Moderate temporary impact. There are some occasions where demand is exceeding               capacity, or where there are abnormal levels of sickness and absenteeism.


  •     Consideration:

              Temporarily re-deploying officers from ‘none’ critical activity into critical functions.               Deliberate dispersal of workforce to support delay phase and to minimise impact of               workplace community infection.


  •     Authorisation:

              ACC - Gold


Status Amber:

  •     Situation:

              Moderate sustained impact. Crucial activities cannot be sustained due to demand               being exceeded or where there are levels of sickness that require non-critical activities               being re-deployed for a sustained period.


  •     Consideration:

              Redeploy all officers from significant number of ‘none’ critical activity, to ensure               ‘essential’ and ‘desirable’ critical activities are maintained.  Cessation of non-critical               staff functions, redeployment, and training to provide sustainable functions to support               operations. 


  •     Authority:

              Chief Constable.


Further measures taken by West Yorkshire Police:

  • Accreditation: With immediate effect, where officers are unable to reaccredit, Chief Constables are able to (and West Yorkshire Police will) deviate from ensuring accreditation for an initial period of 3 months. Further extensions will also be considered as the situation develops.  Force leads will have flexibility to decide when to begin the 3-month extension, based on different roles and requirements.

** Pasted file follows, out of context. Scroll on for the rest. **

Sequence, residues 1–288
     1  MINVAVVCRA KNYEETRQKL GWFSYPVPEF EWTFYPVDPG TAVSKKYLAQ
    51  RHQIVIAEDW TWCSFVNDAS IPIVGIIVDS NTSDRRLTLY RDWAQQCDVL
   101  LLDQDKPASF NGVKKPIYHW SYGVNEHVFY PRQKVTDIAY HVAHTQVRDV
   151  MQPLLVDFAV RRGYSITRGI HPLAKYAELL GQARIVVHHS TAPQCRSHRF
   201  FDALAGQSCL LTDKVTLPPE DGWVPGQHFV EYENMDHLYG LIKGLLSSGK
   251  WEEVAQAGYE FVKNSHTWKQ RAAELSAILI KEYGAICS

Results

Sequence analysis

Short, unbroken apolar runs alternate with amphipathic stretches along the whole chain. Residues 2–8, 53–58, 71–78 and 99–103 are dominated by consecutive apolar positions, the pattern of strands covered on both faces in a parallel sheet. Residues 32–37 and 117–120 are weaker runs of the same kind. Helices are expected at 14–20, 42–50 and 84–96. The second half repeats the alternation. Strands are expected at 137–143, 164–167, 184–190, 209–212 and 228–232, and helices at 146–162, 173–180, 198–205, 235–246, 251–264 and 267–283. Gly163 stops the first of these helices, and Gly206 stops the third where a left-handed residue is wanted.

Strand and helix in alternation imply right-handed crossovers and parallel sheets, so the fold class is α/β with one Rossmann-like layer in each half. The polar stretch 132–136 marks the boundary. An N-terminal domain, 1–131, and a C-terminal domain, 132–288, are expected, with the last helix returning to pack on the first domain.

• Agile working: is being utilised for as many of those in isolation as possible with other IT solutions being explored to enable officers and staff to work from home where appropriate.
  • Vulnerabilities: West Yorkshire Police has identified 640 people from the vulnerable groups identified at this time.
  • PPE: There has been a continued uplift in general PPE stocks to West Yorkshire Police in recent days which is reassuring although we are advised nationally that stocks are extremely limited.


Public order/Public safety:

  • Overall threat of criminality and disorder across the Force area is low.
  • There are some minor tensions reported in Kirklees District (around panic buying) and Bradford District (Scholemoor, hospitals), which are assessed as low/medium but do not require any additional support from Gold.